Using radish to control cyst eelworm

A fodder radish crop can exterminate up to 95% of a cyst eelworm population and be used for biofumigation, writes Bill Kerr.

Using radish to control cyst eelworm
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The past few issues have covered various ways to control cyst eelworm. But the most practical solution is the biological option. This entails planting a crop which the eelworm recognises as a host crop, causing the eggs in the cyst to hatch but not develop into females. The crop is fodder radish, which has been specially bred for this purpose. It’s like a Japanese radish, but instead of forming a large, fleshy root, it produces more leaf growth. When the radish roots approach a cyst, they deliver exudates which the eelworm eggs recognise as an invitation to hatch and feast.

The newly hatched L2 larvae enter the root (as described in a previous issue), but due to a peculiarity with this type of radish, are unable to develop the giant cells necessary for them to develop into females. They remain L2 larvae, or develop into males, and the breeding cycle is interrupted. With nearly all the cyst eelworm larvae induced to hatch but not able to reproduce, the population plummets without recourse to expensive, harmful chemicals.

Although radish varieties vary in their effectiveness, the eelworm population can drop by up to 95% when the biological option is used correctly. The percentage control is only slightly lower than with methyl bromide.
The crop is also a green manure crop, so the benefits go beyond eelworm control.

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The right timing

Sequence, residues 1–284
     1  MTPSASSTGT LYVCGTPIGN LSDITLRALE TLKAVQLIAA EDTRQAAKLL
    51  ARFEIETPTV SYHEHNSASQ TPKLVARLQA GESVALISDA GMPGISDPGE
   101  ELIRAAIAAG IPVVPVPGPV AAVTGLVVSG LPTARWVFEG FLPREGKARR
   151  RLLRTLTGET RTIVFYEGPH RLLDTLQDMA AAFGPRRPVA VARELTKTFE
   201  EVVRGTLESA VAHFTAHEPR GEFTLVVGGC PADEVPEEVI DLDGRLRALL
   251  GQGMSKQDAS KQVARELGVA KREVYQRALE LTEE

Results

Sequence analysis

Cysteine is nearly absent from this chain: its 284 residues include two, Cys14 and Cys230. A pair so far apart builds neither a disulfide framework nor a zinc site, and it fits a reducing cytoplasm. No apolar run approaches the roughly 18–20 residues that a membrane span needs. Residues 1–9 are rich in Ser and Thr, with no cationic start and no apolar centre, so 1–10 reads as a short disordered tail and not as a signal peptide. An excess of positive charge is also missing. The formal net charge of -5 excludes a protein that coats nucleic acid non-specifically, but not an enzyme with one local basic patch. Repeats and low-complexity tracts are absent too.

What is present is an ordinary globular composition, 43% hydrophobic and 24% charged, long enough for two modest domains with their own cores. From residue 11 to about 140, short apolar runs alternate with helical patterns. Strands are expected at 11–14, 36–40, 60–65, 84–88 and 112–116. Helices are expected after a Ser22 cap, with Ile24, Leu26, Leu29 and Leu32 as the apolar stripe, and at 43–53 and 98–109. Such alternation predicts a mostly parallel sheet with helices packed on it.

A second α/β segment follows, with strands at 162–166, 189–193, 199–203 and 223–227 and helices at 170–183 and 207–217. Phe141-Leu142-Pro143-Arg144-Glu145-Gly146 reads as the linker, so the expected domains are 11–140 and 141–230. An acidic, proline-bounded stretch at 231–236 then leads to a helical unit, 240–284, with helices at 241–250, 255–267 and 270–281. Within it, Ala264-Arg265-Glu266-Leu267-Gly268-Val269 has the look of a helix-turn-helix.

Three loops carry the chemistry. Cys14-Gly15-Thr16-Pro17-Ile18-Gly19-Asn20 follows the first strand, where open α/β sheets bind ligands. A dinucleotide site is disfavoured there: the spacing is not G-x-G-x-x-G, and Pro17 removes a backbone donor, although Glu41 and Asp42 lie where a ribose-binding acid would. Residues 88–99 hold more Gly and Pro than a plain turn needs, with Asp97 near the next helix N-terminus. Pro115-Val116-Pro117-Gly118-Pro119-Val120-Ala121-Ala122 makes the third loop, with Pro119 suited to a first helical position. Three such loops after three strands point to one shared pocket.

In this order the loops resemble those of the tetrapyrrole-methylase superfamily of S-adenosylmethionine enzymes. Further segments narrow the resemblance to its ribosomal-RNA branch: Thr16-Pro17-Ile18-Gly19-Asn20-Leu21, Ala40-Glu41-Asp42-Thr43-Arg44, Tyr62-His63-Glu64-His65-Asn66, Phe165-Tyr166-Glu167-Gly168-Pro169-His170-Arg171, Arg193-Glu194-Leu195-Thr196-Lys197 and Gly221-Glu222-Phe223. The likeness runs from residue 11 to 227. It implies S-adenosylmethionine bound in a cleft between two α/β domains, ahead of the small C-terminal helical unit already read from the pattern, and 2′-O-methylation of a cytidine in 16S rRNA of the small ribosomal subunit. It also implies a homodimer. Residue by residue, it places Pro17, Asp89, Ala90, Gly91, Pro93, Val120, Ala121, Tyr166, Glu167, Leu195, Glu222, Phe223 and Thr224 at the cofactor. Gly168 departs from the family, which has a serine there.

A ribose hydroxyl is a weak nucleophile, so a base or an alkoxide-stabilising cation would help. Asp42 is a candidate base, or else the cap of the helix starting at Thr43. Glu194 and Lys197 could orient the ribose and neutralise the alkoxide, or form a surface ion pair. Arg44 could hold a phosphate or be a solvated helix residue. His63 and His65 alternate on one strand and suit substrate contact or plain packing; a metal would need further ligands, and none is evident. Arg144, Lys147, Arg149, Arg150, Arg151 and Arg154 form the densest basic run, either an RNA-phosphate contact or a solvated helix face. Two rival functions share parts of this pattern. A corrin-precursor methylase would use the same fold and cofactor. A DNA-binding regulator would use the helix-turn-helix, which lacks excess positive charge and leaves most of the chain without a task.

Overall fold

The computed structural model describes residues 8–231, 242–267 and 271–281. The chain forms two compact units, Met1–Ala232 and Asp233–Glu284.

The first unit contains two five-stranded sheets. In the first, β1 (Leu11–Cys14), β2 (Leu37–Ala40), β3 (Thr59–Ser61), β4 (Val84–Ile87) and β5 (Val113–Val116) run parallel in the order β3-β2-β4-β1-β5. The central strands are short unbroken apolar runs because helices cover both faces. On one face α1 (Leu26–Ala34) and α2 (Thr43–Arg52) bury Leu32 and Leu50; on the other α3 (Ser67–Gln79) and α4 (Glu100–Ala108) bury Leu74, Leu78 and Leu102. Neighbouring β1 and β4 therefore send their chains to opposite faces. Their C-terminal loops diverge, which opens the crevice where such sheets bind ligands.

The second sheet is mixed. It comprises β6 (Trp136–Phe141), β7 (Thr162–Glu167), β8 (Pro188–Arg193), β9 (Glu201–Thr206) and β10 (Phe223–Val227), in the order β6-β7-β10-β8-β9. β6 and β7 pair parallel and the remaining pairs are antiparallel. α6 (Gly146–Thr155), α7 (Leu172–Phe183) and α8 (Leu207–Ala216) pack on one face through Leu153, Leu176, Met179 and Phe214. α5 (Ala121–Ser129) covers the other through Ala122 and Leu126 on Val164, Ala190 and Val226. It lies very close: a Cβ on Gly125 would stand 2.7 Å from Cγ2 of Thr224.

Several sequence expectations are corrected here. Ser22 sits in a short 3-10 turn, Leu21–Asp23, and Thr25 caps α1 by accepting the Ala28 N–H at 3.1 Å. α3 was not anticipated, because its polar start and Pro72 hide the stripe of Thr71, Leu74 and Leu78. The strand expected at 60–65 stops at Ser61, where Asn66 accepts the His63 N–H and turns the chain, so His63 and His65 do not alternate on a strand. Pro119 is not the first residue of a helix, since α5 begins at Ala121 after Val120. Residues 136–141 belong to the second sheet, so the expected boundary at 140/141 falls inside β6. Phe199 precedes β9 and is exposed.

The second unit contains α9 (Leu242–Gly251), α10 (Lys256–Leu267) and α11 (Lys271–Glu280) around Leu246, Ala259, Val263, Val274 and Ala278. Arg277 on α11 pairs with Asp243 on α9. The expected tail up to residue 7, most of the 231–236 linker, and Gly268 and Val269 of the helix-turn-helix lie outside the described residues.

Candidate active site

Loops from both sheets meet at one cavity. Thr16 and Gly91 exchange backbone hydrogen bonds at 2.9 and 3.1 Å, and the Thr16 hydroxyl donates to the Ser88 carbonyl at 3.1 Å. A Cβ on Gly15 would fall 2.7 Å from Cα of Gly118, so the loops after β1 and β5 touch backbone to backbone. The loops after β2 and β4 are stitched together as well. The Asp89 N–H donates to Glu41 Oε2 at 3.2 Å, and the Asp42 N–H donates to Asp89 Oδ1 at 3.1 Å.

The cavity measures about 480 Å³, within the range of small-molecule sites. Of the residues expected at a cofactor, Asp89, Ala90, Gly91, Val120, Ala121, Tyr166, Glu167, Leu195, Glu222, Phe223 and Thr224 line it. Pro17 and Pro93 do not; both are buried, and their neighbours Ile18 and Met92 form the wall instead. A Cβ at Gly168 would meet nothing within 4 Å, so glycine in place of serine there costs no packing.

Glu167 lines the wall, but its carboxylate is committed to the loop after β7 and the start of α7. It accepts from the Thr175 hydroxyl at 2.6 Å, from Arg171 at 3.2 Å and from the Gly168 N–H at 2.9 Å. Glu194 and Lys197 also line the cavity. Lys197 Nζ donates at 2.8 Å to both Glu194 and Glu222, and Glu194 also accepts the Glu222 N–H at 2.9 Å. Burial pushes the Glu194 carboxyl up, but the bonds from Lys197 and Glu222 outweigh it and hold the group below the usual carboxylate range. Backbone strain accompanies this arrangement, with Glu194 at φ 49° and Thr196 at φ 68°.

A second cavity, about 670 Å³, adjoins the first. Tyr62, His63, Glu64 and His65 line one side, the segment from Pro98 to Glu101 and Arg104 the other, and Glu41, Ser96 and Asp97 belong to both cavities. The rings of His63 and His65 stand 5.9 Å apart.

The best time to plant this eelworm trap crop is towards the end of winter so that by the time the weather is warm and suitable for hatching, the root system will have covered the effective soil profile. The timing also makes economic sense. Vegetable crops planted at this time don’t usually get the best prices, as it’s usually a safe period with over-production likely. On the Highveld, eelworm hatching is usually compromised by temperature by May.

Alternative uses: biofumigation

Brassicas like fodder radish can also be used for biofumigation. There are 30 to 40 different glucosinolates in these crops which, when combined with the enzyme myrosinase, produce products such as isothiocynates which  have a mild fumigation action. After chopping, the residue has to be incorporated immediately, as isothiocynates are so volatile, and the land needs to be rolled and irrigated to seal the chemicals in the soil. Biofumigation won’t help control cyst eelworm, but it supresses many nematodes. There are also claims that it can be used to reduce pathogens like Pythium, which causes cavity spot in carrots, but evidence is inconclusive.

California’s carrot packers commissioned biofumigation trials due to severe cavity spot, and the pressure to remove chemicals which help control it. But they found that cavity spot increased in the biofumigation plots. Conversely, in Australia they’ve had great success using biofumigation against bacterial wilt on tomatoes.